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Kennet is a small town in which the story of Pale is set.

Geography/Description

Kennet is located in Western (Northern) Ontario, within sight of Lake Superior.[1] It is a small town with a population of about 5,000.[2][3] Kennet was founded in 1935 as a company town and grew over time.[4]

The western side of the river is mostly residential[5] and run down,[3] while the south-eastern side is more varied[6] with wide spaces between buildings,[7] it is the former industrial area.[8] To the south are hills, cliffs, and forest.[9]

The urban center of Kennet, where Goblins cannot tread, is somewhat mazelike due to having grown up unplanned over time.[10][7]

Map

Kennet Brochure from Extra Materials

A. Monte Motel & Restaurant

B. Beer Market

C. Ontario Liquor & Cannabis

D. Bon Journee Inn

E. Kennet Cinema

F. Kennet Museum

G. Public School

H. Hospital

I. St. Victor's High School

J. Wavy Tree Yoga & Dance

K. ATV & Dirtbike Rental

Points of Interest

Concrete stairs lead up the mountain to Blue Gas, choked with litter from teens going up to the gas station.[11] Louise Bayer's house was up the road from the gas station, overlooking the town,[12] as is that of her neighbours Tom and Arnold.[13]

The Kennet Cinema has to close in summer due to lack of customers.[2]

There's a single wide bridge between the two halves of Kennet, with road, sidewalk, and street lamps built into the railing.[5] There's a corner store next to it.[14]

The Kennet Arena is the second-largest building in town, after the Hospital, and is active almost constantly. It's nicknamed the K-A.[15] During the winter, it serves as a naturally frozen outdoor hockey rink.[16]

After the Carmine Exile took the throne he created the Kennet Undercity, an inverted knotted version of Kennet filled with violent and unruly individuals.

Residents

Innocents

Aware

Practitioners

Others

Chronology

Before

Had an industrial background before becoming a winter resort town.

Summer Squabbles

It became the new seat of the Carmine successor making any travel to the small city at least a day.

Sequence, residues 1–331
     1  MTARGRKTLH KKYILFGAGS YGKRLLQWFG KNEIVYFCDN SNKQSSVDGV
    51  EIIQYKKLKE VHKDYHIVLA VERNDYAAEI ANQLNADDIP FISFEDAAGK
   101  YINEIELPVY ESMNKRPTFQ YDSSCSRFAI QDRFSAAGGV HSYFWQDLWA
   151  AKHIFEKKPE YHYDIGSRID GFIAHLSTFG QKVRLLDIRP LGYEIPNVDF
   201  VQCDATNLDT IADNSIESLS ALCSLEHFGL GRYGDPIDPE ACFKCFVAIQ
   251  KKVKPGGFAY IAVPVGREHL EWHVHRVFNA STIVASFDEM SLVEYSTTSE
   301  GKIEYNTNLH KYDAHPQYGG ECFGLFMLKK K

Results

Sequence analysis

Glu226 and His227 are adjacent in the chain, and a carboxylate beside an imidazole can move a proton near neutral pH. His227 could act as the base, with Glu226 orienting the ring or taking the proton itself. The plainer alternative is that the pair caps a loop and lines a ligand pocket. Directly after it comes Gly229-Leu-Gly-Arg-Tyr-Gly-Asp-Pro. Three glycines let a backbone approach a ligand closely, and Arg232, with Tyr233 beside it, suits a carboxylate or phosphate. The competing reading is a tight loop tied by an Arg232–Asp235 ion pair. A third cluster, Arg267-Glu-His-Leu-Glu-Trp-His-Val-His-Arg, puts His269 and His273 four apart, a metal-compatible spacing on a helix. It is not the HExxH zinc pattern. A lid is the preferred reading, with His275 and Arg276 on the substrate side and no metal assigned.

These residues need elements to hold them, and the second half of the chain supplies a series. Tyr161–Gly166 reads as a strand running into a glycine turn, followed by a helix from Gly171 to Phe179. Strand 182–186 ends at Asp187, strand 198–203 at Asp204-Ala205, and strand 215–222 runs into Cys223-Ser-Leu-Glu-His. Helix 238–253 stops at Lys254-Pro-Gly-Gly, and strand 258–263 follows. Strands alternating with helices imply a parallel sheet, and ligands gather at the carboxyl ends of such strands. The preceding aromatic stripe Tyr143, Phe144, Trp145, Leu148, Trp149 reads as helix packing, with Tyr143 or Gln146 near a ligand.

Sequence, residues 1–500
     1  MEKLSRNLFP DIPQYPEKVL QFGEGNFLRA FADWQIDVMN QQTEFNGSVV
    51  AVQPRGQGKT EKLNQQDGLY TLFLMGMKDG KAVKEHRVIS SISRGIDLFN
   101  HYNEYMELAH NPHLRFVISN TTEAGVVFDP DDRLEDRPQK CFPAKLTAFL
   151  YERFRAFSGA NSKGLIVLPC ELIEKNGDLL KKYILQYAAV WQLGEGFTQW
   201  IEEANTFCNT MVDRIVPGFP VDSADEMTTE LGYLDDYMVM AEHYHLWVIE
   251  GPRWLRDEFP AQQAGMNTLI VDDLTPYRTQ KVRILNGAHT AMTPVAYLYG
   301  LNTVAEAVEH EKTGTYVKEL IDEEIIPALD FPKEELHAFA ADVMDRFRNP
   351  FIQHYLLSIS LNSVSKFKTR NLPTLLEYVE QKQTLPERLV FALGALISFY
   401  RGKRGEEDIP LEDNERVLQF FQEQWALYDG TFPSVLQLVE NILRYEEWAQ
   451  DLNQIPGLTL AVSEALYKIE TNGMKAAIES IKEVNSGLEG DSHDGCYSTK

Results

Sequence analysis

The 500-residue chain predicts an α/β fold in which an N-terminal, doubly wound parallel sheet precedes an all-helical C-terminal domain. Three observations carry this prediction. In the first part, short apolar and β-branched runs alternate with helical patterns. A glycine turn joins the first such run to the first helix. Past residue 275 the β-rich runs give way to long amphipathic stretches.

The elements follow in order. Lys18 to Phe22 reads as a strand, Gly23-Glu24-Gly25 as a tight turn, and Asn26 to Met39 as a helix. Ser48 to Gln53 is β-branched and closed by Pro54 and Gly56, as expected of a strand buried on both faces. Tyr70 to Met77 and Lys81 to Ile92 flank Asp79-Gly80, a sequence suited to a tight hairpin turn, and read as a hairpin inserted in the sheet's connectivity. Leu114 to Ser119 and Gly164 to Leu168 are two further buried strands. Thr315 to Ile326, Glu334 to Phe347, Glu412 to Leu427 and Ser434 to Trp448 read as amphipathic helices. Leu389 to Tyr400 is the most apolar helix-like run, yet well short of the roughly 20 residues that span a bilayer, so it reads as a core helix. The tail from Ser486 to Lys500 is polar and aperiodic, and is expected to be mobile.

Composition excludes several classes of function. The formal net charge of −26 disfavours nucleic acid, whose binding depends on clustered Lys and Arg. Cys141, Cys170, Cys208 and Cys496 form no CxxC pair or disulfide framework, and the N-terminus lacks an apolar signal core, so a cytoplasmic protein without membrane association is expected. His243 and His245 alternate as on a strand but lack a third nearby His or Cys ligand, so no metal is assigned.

New Normal

After the rise of the Carmine Exile Kennet started losing it's human population and this population loss was roughly balanced by population gains by the Kennet Undercity.

References

  1. "Get a lift on the t-bar, or ride the lift for a view of the unspoiled scenery with a view of Western Ontario's hills and icy Lake Superior." - Brochure, ‘Experience Kennet’
  2. 2.0 2.1 She couldn’t put a name to the children, but she was pretty sure she could name the families one or two of them came from.  Kennet was that sort of town.  Five thousand residents, two schools, two gas stations, and a theater that closed for the summer months because they didn’t get enough customers. - Excerpt from Blood Run Cold 0.0
  3. 3.0 3.1 The west half of Kennet was largely residential.  There were a couple of houses that had old people living in them that were nice, with gardens that were tended to every day, but for the most part it was just kind of sad.  There wasn’t anything metal without some rust on it, an awful lot of the paint was peeling, gardens were barren after the winter, and lawns were only just seeing their patchy initial growth.  Where lawns hadn’t been raked enough, the leaves formed dirt-like clumps that made the lawns seem more patchy than they were.

    Five thousand people lived here, and she was pretty sure there wasn’t one person who loved living here.

    Well, no, that wasn’t true.  As she put her mind to the task, she could imagine there might be some criminal types who would appreciate the ability to lie low.  Or idiots.  Or the stoner snowboarder types who did almost nothing for half the year and then worked at the slopes the rest of the year.  If all you loved was weed and snowboarding then this might be pretty good. - Excerpt from Lost for Words 1.1